The Gowrie males are arguably one of, if not the, most successful coalition MalaMala and the Sabi Sands have seen in recent history. They have reigned supreme for more than half a decade; in which time they have successfully sired the next generations from five different prides.
If you’re one of those people that likes to while away hours of the day watching wildlife videos, it’s likely you have encountered the YouTube video that MalaMala posted on the 2nd of December 2021. If you are not, we suggest you watch it before you read any further...
In recent days, the soundtrack to life at MalaMala hasn’t been the “krit-trrrrr” of the returning Woodland Kingfisher, nor is it the “dee-dee-deederik” of the Diedrick Cuckoo, rather, it’s been the deep, bellowing “ohhhhffff” of lions roaring.
If you read the last blog on lions you may recall the statement, “for the most part, we like to think we have our finger on the pulse”. The events that have unfolded in the last few weeks may serve to prove this wrong.
On the morning of the 17th of October, several lions were found feeding on a buffalo carcass. While it is common to view lions feeding on an eviscerated bovid, the composition of the group and the events that unfolded in the days that followed left us scratching our heads....
With winter looming it should come as no surprise that the topic of lion dynamics is taking centre stage. We have already seen early signs of territorial shifts / takeovers and on top of that we have been seeing A LOT of lions recently. 83 different individuals were viewed on the reserve in April!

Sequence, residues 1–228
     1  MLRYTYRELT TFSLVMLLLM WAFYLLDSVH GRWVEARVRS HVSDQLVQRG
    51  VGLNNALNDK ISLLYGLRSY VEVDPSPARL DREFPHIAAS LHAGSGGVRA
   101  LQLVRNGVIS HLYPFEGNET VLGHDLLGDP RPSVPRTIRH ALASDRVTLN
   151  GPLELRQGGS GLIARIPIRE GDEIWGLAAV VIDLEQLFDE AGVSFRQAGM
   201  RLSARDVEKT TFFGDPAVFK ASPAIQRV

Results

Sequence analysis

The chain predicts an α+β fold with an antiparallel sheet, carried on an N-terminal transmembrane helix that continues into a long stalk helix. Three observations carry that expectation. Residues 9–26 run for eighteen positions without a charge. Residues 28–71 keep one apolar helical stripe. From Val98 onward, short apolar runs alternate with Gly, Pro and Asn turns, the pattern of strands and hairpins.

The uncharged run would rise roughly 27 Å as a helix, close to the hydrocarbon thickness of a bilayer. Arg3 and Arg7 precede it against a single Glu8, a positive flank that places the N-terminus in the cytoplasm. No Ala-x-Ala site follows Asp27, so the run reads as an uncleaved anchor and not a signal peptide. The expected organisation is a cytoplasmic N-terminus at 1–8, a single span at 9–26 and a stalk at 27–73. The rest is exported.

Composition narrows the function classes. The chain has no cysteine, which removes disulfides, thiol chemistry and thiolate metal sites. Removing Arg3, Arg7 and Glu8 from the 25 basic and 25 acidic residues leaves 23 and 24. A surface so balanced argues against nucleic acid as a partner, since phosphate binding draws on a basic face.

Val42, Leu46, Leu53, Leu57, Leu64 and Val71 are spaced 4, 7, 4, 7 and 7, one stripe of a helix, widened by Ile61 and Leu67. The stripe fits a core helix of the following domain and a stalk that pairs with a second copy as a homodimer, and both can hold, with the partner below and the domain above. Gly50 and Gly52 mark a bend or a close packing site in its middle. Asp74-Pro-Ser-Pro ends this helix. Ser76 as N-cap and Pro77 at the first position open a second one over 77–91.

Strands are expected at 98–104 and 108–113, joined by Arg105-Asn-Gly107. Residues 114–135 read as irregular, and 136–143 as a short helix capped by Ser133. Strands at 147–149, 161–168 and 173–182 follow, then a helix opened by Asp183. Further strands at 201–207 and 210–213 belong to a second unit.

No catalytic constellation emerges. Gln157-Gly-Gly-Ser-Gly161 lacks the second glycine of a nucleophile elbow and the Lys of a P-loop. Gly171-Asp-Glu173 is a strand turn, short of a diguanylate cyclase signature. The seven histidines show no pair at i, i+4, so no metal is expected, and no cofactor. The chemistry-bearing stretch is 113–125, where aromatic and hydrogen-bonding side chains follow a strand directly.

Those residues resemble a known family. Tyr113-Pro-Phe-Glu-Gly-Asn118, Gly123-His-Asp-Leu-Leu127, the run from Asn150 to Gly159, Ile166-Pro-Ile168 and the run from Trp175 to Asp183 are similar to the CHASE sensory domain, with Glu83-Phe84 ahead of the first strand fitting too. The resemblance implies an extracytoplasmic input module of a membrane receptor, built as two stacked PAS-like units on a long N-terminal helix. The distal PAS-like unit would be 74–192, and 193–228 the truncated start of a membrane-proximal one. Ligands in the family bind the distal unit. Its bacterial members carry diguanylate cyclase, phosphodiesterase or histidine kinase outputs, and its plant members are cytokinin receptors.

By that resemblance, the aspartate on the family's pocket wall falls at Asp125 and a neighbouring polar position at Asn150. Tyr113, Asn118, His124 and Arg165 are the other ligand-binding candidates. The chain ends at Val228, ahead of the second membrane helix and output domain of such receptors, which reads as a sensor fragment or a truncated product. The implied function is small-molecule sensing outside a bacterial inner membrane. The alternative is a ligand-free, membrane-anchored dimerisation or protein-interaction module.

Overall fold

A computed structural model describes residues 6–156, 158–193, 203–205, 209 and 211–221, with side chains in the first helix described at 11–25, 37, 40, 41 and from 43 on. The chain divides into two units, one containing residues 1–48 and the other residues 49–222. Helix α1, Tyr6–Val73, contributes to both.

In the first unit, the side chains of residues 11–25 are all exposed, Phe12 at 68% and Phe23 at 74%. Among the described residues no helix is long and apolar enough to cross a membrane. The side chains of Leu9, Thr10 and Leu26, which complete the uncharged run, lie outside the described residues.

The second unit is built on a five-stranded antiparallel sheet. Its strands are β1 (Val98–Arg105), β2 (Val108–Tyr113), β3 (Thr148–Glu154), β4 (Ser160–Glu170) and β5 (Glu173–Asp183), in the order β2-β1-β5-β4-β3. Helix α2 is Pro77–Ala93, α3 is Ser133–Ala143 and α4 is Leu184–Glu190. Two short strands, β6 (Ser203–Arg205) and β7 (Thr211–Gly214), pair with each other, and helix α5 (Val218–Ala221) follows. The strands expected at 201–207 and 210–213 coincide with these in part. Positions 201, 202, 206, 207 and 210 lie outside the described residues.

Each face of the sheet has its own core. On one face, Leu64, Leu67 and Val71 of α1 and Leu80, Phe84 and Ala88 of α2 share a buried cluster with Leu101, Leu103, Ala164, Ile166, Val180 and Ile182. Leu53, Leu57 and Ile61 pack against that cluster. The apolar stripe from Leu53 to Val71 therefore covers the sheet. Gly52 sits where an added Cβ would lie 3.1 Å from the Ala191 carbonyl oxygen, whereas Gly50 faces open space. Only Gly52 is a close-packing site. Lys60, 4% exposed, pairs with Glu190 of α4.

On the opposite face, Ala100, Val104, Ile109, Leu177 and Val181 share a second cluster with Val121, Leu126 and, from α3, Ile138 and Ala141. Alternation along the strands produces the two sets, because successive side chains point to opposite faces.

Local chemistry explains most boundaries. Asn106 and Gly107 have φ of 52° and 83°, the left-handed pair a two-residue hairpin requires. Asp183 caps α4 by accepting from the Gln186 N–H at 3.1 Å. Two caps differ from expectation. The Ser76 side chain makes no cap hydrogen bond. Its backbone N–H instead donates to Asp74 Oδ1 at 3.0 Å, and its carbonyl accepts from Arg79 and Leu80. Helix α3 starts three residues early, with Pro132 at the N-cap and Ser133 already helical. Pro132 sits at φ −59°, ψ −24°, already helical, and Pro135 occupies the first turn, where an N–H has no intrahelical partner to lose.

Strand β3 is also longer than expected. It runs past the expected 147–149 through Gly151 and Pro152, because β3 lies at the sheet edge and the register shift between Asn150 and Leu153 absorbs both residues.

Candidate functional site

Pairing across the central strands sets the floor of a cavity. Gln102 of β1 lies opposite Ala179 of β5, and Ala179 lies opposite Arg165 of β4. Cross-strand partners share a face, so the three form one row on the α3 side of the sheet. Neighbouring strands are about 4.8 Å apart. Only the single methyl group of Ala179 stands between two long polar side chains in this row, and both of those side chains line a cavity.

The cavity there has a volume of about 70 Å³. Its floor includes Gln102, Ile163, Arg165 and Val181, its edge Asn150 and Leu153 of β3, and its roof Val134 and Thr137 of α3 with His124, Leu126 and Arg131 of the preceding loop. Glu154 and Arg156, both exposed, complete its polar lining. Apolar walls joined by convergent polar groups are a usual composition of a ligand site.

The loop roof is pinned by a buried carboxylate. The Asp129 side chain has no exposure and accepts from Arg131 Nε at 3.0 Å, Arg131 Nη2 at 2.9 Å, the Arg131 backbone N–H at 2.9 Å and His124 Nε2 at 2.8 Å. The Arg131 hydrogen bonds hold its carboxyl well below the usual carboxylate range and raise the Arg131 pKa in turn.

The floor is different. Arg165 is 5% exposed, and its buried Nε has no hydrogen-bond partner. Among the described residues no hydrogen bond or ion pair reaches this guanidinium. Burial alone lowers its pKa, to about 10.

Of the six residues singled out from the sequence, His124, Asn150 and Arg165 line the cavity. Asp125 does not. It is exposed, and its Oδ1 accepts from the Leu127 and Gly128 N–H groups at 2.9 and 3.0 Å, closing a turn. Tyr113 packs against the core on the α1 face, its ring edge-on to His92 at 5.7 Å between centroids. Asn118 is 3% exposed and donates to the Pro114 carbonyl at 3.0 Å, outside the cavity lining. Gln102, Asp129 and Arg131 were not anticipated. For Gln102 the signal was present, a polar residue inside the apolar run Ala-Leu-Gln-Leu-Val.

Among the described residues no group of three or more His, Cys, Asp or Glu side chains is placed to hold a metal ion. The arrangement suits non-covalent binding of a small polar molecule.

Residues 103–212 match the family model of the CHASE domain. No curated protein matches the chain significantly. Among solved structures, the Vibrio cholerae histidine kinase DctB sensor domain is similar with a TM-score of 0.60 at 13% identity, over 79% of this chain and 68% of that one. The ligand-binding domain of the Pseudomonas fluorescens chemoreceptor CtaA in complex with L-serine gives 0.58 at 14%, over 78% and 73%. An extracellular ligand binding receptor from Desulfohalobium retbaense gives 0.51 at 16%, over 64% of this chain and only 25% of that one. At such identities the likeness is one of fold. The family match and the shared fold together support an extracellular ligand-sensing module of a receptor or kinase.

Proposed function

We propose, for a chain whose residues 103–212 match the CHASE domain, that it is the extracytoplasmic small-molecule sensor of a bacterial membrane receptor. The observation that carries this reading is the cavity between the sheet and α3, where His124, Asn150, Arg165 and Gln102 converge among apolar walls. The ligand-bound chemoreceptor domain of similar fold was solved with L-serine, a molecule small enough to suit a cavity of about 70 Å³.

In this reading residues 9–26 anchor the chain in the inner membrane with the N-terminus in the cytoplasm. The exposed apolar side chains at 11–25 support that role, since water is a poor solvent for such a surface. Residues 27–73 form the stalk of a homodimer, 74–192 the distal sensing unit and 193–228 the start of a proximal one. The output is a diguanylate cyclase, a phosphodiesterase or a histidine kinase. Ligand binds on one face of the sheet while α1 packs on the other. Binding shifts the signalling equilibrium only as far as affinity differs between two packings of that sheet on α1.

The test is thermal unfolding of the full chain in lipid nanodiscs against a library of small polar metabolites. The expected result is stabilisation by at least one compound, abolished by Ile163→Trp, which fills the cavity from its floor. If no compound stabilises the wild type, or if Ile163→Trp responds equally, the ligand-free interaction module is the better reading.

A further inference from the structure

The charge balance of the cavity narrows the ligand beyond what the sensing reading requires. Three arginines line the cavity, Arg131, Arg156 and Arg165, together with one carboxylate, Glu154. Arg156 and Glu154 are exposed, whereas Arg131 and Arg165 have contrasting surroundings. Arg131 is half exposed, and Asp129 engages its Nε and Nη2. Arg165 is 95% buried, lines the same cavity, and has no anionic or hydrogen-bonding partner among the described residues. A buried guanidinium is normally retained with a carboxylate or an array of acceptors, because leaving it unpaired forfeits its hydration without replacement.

“Luck is what happens when preparation meets opportunity.” – This quote is attributed to Roman philosopher, Seneca, and its essence is something that we as photographic safari rangers understand and deal with on a day to day basis. The challenge with wildlife photography is that we can’t tell the ‘models’ what to do and we don’t get any retakes. To make up for this we try to anticipate their next move and position ourselves accordingly.
The recent movements of our longest serving group of lions, the Styx pride, have raised many eyebrows here on MalaMala. We have been finding them in some rather unexpected places that are not only far away from their core territory but well within another pride's. More stress is the last thing that this pride needs after barely scraping through a tumultuous chapter in their history.
It appears that the Gowrie male lion coalition now has full control over the entire northern half of MalaMala Game Reserve. During the last year they’ve successfully ousted the Clarendon males, out-competed the Manyeleti males and out-intimidated the Avoca males, whilst keeping the mighty Mantimahle males at bay.
The dynamics within our lion population over the last year have been anything but stable. Many of us here have joked that a blog on the topic would require only one character, a question mark.